mukhtananda, osho, mmy, the zen guys, the new generation gurus, east and west, the whole deepening of understanding that seems to be the essence of life, just arises naturally

and if you are aware of the "no independent origination" idea, it makes it hard to blame individuals for anything, life is like it is, good and bad in everything

one has to think that one is separate from life in order to point fingers at others, which i guess has an advantage, we don't have to suffer the emotional pain of compassion

in the long run, i don't think it is sustainable to think in that way, meaning, it has no advantage inherent in it, except to protect one's self from an imaginary problem


enjoy, thanks for your time,

gregory

 
At 1/21/2008 8:55 PM, Blogger jody said...

one has to think that one is separate from life in order to point fingers at others, which i guess has an advantage, we don't have to suffer the emotional pain of compassion

One doesn't have to "think" one is separate from life to comment on the interaction between apparent beings.

Compassion takes many forms, including throwing contrast on habitually rosy-lit situations.

 
At 1/21/2008 9:55 PM, Blogger Steven Sashen said...

Hey Stuart,

I don't have the notion of "cost" that implies people could or should have been doing something "better" (another concept to which I don't subscribe) were they not attempting to "fly" in a large padded room... merely, that there was a lot of time, effort, and cash spent in the pursuit of attainment.

-S

 
At 1/21/2008 11:00 PM, Blogger gregory said...

"Compassion takes many forms, including throwing contrast on habitually rosy-lit situations."

yeah, this is what george says too, preventing any rosy-lit views on islam, iraq, terrorism... it is a big bad world and we need protectin'

 
At 1/22/2008 6:38 AM, Anonymous Anonymous said...

I was fortunate to find the mantra "hare hare london bus" as revealed by Banana Ananda the Beer Yogi [of Planet Gong fame]. I remember spending such wonderful hours chanting.

Better than trying to get money. Better than trying to get a partner. I discovered how to hail the bus.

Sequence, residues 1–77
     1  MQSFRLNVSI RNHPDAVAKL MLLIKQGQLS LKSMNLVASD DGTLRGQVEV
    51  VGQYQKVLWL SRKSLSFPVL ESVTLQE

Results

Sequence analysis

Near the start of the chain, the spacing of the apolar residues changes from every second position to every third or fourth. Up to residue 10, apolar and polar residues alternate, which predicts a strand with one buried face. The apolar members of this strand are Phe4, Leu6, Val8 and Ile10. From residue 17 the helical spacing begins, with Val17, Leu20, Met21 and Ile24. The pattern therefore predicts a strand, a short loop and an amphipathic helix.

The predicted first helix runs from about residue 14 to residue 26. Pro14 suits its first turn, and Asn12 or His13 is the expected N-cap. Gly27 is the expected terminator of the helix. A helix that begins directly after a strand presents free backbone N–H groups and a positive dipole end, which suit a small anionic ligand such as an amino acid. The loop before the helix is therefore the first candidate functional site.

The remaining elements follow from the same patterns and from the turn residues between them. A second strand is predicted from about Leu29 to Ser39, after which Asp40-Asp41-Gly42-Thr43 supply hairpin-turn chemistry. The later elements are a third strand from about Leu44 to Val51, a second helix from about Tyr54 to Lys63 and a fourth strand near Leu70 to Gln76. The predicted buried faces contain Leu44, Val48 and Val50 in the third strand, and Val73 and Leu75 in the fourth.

Such enlightening times. And all spawned from old Sexy Sadie himself. ;-)

 
At 1/22/2008 7:26 AM, Blogger jody said...

this is what george says too

Well then, I guess it's a good thing I don't have an entire armed forces at my behest.

 
At 1/22/2008 8:56 AM, Blogger gregory said...

"Well then, I guess it's a good thing I don't have an entire armed forces at my behest."

yeah, me too.... god knows if i had a machine gun, there would be a lot of open space in tiru, the fake guru capital of the world

 
At 1/22/2008 9:15 AM, Blogger gregory said...

i am over reading h ref="http://chrisyeh.blogspot.com/">adventures in capitalism and here is this quote which nails what maharishi did with his endless world plans, projects, etc...

"According to Buckingham, great leaders rally people to a better future. They transform our fear of the unknown into confidence in the future by defining the future in such vivid terms that all their followers can see where they are headed."

this is from the january first post, and here is a bit more (from the world of business)

As we've seen in each of these roles, the critical skill is not balance, but its inverse, intentional imbalance. The great manager bets that he will prevail by magnifying, emphasizing, and then capitalizing on each employee's uniqueness. The great leader comes to a conclusion about his core customer, his organization's strength, its core score, and the actions he will commit to right now, and then, in the service of clarity, banishes from his thought and conversation almost everything else. The sustainably effective individual, by rigorously removing the irritants from his working life, engages with the world in an equally imbalanced fashion."

imbalance as a valuable skill

enjoy

 
At 1/22/2008 10:45 AM, Blogger Eric said...

Stuart - My Zen teacher always said that nothing is better than nothing.

I think the primary disservice that the Maharishi did with his grandiose plans, schemes and claims was to allow a lot of people to dismiss meditation as a tool and technique, because a) he continually blurred the line between TM and meditation as a whole, and b) his claims were so consistently ridiculous and physically impossible that they overshadowed the actual ideas and benefits behind them.

 
At 1/22/2008 10:58 AM, Blogger gregory said...

eric, i think it took maharishi about two minutes to figure out how dumb and materialistic and stressed out americans were, and know he had to change everything if he wanted to do his job

 
At 1/22/2008 12:09 PM, Anonymous Anonymous said...